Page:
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2012.11.19 Mon, by
Getting Over Ai Weiwei
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A Critical Response to Ai Weiwei’s Comments on the Exhibition “Art of Change” at the Hayward Gallery (read Iona Whittaker’s review here).

The Hayward Gallery’s latest exhibition, “Art of Change: New Directions from China,” opened recently to almost universally positive reviews that in almost every case reflected a mixture of pleasure and fascination. While some reviewers expressed uncertainty with regard to the precise significance of individual works, most shared the view that the exhibition presents fresh insights into the relationship between contemporary art and society within China, and in particular contemporary Chinese art’s critical engagement with authority.

This combination of impressions is perhaps unsurprising. In spite of almost daily media coverage, China remains something of an unknown quantity. Consequently, most UK-based reviewers lack the detailed knowledge required to place contemporary Chinese art. At the same time, there is something compelling about an art whose meanings remain only partially grasped but that is self-evidently engaged in a complex relationship with the extraordinary changes now taking place within contemporary China.

One reviewer, however, was not impressed. In his comments published by the Guardian on 10 September the Chinese artist and activist Ai Weiwei launched a scathing attack on the organisers of “Art of Change,” accusing them of misrepresenting contemporary art in China. In Ai’s view, the show fails to address any of China’s most “pressing contemporary issues” and in particular the fact that there is within China currently “no room for freedom of expression.” Contemporary art in China is, Ai argues, “merely a product” that “avoids any meaningful engagement” and whose only purpose outside China is therefore “to charm viewers with its ambiguity”. It seems unlikely that Ai has actually seen the show or read its accompanying catalog since he is still subject to effective house arrest in Beijing.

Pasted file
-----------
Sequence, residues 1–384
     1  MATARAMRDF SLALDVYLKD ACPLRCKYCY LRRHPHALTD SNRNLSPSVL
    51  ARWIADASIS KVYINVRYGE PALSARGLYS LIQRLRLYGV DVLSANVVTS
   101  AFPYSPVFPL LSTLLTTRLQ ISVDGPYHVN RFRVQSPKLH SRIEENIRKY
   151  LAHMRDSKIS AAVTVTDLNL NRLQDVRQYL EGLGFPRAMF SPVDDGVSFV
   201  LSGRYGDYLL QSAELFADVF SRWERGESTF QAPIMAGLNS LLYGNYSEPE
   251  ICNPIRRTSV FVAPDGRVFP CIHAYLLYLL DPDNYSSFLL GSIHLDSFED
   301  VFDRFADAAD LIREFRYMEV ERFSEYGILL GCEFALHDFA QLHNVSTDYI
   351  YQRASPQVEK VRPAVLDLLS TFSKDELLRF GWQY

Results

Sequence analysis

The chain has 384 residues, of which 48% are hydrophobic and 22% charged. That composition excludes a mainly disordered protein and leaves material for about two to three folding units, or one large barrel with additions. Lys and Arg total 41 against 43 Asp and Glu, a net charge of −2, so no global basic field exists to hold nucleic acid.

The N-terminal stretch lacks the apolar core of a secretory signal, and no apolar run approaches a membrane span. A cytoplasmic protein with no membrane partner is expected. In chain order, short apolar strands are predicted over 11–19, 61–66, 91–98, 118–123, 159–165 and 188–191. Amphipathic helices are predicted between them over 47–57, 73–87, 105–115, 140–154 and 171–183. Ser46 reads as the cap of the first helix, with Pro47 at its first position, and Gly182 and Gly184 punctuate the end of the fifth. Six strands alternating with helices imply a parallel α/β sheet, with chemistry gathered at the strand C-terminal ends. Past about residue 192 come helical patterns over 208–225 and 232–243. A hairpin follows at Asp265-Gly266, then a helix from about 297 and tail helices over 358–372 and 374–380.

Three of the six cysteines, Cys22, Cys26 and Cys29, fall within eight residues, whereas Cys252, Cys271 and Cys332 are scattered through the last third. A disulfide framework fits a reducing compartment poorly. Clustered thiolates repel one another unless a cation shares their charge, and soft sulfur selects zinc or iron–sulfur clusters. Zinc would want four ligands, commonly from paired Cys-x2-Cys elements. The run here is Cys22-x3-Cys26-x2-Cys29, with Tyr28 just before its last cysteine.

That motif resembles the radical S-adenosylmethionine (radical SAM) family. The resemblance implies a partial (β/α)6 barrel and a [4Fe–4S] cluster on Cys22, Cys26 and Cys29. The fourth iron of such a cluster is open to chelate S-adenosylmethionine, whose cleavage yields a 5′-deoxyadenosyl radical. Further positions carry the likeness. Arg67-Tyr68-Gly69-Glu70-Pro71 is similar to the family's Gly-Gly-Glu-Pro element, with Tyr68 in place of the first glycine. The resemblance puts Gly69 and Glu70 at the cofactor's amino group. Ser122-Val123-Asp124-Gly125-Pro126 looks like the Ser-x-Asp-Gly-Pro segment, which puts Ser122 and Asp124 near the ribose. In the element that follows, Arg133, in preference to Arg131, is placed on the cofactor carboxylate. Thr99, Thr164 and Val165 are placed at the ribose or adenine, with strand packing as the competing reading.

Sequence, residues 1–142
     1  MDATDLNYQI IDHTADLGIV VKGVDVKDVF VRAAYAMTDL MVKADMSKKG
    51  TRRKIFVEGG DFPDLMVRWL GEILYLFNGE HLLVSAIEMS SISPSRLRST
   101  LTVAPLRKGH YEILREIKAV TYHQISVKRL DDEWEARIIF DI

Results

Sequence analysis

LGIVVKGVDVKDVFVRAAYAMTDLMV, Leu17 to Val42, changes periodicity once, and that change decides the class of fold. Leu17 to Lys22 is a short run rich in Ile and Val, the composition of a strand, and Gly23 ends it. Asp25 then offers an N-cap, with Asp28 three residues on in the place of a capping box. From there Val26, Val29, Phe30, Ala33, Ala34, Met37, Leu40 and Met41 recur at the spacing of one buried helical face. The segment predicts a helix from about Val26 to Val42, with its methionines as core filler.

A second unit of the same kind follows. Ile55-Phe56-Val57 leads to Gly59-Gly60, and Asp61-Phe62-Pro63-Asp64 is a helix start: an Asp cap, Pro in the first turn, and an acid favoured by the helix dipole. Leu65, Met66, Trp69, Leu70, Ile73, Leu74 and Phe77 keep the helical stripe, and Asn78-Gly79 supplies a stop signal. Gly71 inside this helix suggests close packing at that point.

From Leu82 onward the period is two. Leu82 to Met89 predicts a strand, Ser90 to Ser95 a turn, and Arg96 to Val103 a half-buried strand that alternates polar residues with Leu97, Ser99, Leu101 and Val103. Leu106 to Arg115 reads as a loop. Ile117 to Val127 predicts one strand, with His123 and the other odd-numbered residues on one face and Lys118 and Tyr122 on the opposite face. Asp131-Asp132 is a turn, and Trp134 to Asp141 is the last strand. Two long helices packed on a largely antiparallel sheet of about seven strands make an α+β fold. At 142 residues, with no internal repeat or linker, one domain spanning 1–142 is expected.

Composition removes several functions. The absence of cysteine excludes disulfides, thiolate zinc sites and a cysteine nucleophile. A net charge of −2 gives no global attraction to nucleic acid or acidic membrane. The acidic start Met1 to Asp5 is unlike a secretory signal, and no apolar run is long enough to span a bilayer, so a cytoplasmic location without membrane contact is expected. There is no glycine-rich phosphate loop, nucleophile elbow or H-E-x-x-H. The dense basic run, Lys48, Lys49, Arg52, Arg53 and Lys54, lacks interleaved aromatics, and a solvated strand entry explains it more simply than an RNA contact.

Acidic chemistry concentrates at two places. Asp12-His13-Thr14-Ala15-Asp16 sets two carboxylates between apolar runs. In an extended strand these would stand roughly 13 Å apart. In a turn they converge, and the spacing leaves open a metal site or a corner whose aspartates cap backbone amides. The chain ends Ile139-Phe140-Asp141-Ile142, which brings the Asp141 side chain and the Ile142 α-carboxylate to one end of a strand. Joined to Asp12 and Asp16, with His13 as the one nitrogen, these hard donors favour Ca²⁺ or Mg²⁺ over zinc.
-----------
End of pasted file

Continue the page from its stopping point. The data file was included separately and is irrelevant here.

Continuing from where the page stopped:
In recent years Ai Weiwei has become a familiar media presence within the UK. Interminable online rants, scathing public attacks on officialdom, headline-grabbing exhibitions and artworks, a series of police beatings, life-threatening hospitalization, a BBC documentary by Alan Yentob, captivity without trial, a high-profile prosecution for “tax evasion,” a certificated whip-round among friends and associates to pay the bill and, more recently, a cinematic self-portrait of the artist as unreconstructed non-conformist have secured Ai’s place not only as a commentator of first choice on the subject of contemporary art in China but also as a spectacular personification of resistance to Chinese authoritarianism. No television, radio or newspaper coverage of contemporary Chinese art would be complete without at least a passing reference to Ai as China’s best-known and perhaps most significant living artist. He is the UK media’s Chinese cultural equivalent to Aung San Suu Kyi; a sanctified beacon of opposition now partially silenced by house arrest though still evidently raging against the injustices meted out to himself and to others at the hands of the Chinese authorities.

In spite of its liberalizing social and economic reforms of the last three decades, China remains a place of often breathtaking political brutality. Open challenges to the authority of China’s ruling communist party as well as anything that might be perceived to undermine the integrity of the Chinese nation-state are, as they were throughout the Maoist period, simply beyond the political pale. The consequences of transgression — extra-judicial harassment of self and family, detention, exile and even death — persist in being both real and pernicious. However, with the increasingly precipitous unfolding of post-socialist modernity within China since the late 1970s limits on freedom of action and expression have become ever-more mobile and ill-defined. As a result, panoptical self-surveillance and self-discipline as well as spectacular demonstrations of state power and growing material wealth are now the combined bulwarks of China’s prevailing socio-political order. Direct use of state violence is deemed necessary only in relation to extreme or recidivist dissidence. Ai continues to remind us of these thoroughly nasty and objectionable facts not only through his various acts of open resistance to authority but also the state of home confinement he now finds himself in. His constant baiting of authority and refusal to bow to intimidation has resulted in a Kafkaesque backlash the mere prospect of which would terrorize most of us into lasting and abject silence. For his defiance in the face power Ai deserves our continuing attention and respect.

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